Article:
Maps are only part of the package, the Edge 800 has the ability to find address and Points of Interest as well. This mapping feature can be modified to avoid certain things like highways, carpool lanes, etc. and can be made to keep all routes on roads. This is done in the Settings menu.
Courses can also be created and uploaded to your device. The Edge 800 product site recommends using Garmin BaseCamp. This mapping system has some major limitations. First, its base road map is basic and almost useless for any type of mapping. For mapping on the roads, it requires you to have purchased the City Navigator maps, but then it does not allow you to overlay other maps like Rail-to-Trails to incorporate paved or un-paved bike paths in your route. This software seems to be best suited for use with TOPO maps and creating hiking routes, not biking.
Searching the Garmin forums, others have recommended using MapMyRide.com and BikeRouteToaster.com. Both of these sites have great mapping functions with road, satellite and hybrid mapping features. They also both allow you to download the course directly to your Edge 800 in the .tcx format. (See Navigation for operation of these maps.)
Garmin Connect, the community of Garmin fitness device owners who share their rides and stats, also has a mapping feature called “Courses”. The Courses menu allows you to create a custom course, just like MapMyRide or BikeRouteToaster, but the interface on the Garmin Connect website interacts better with the Edge 800. The maps on the Courses tab are GoogleMap based and include all bike trails and walking trails. You can create routes that move from road to trail and back again. After you create the course, you can set your pace, name the route, then save it. After you save it, connect your Edge 800 then press “Send to Device” and select the Edge 800. Once you eject the device, the course will be on the device.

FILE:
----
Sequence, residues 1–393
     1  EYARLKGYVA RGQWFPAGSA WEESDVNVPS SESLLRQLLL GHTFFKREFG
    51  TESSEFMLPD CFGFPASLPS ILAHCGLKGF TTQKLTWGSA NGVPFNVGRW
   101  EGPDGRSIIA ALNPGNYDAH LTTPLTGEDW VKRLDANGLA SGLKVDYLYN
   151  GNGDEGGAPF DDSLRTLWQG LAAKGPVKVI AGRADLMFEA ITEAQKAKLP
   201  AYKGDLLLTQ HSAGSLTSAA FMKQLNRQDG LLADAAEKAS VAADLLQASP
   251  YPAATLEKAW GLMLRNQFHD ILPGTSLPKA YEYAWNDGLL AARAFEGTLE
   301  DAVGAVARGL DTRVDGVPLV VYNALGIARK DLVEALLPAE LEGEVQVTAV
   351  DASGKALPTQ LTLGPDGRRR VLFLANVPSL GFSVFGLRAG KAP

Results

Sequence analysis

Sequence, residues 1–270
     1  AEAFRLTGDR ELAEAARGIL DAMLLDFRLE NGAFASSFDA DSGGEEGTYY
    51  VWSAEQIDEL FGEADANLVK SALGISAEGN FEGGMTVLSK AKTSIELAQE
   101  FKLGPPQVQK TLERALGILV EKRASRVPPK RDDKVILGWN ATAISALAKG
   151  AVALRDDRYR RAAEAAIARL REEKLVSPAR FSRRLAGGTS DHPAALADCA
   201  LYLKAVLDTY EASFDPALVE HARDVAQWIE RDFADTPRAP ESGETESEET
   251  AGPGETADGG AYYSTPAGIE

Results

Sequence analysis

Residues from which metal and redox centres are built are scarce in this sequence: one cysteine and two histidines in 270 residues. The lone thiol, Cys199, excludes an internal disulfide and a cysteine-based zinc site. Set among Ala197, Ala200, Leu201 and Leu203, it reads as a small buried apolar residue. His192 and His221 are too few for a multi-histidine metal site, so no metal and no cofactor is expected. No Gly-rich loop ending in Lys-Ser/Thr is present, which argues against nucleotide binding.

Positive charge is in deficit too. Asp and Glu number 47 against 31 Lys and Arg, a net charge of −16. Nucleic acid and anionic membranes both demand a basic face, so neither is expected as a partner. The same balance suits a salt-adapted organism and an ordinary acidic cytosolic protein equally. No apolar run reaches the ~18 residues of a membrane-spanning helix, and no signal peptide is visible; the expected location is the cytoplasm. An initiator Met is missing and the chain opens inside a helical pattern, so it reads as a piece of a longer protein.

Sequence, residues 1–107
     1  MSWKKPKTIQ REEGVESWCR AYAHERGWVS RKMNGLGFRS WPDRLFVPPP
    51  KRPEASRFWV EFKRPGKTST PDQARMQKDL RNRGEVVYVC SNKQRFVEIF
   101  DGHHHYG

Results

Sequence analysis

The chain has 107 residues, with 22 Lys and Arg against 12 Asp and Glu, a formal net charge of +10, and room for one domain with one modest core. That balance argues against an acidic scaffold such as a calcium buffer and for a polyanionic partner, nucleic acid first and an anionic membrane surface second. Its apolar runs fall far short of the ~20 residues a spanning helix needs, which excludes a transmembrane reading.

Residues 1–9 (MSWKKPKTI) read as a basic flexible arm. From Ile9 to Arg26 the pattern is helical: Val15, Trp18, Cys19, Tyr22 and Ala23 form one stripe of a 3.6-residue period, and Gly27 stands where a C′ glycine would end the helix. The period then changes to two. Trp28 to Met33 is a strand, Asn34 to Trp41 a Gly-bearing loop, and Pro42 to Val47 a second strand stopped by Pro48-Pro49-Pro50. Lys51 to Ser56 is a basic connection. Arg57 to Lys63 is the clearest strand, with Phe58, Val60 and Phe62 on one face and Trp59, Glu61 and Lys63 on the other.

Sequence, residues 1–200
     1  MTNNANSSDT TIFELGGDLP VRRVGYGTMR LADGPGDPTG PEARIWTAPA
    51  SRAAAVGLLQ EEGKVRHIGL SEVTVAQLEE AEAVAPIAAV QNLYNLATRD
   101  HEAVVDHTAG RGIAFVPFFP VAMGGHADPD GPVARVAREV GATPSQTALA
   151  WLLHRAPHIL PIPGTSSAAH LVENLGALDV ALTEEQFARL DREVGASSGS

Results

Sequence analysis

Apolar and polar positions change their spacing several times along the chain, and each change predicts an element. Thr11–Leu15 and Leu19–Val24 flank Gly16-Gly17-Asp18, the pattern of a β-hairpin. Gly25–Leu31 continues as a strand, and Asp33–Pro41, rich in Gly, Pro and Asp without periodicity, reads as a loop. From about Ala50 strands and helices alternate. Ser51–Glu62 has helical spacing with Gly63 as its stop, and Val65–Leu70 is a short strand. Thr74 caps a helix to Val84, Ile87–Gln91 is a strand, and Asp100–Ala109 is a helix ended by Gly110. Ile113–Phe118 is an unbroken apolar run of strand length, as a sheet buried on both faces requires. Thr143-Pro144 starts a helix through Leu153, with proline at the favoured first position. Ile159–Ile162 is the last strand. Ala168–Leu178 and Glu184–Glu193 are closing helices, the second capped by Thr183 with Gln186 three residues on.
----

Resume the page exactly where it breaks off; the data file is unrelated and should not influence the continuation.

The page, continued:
Navigation is started by going into the Courses menu and selecting a course you uploaded. You can also start navigation by selecting a POI or inputting an address.
You can manage the distance before an alert in the Settings menu of the Course page. The Settings menu also allows you to change the color of the route and turn the route guidance on and off.
Once the route is started, the Edge 800 navigates you through the roads and bike paths with alerts at certain points before your turn. Once the audible alerts sounds, the screen changes to indicate the distance to the turn.
We have extensively used maps created at MapMyRide, BikeRouteToaster and Garmin Connect. The navigation works well with point-to-point routes created through all three systems. Navigation also works well when routing to POIs or addresses. There are no major issues when using these types of routes.
But routes from all of these sites have a major limitation…during the navigation if you have a circular route or circle back to a point and cross a road at a later time in your ride , the Edge 800 will send you in the wrong direction, or will keep telling you to “make a U turn”. This gets really annoying as you are on a tour (such as around Lake Tahoe) and every few yards you get an “off course” notification or “make a U turn” even when you are more than halfway around the lake.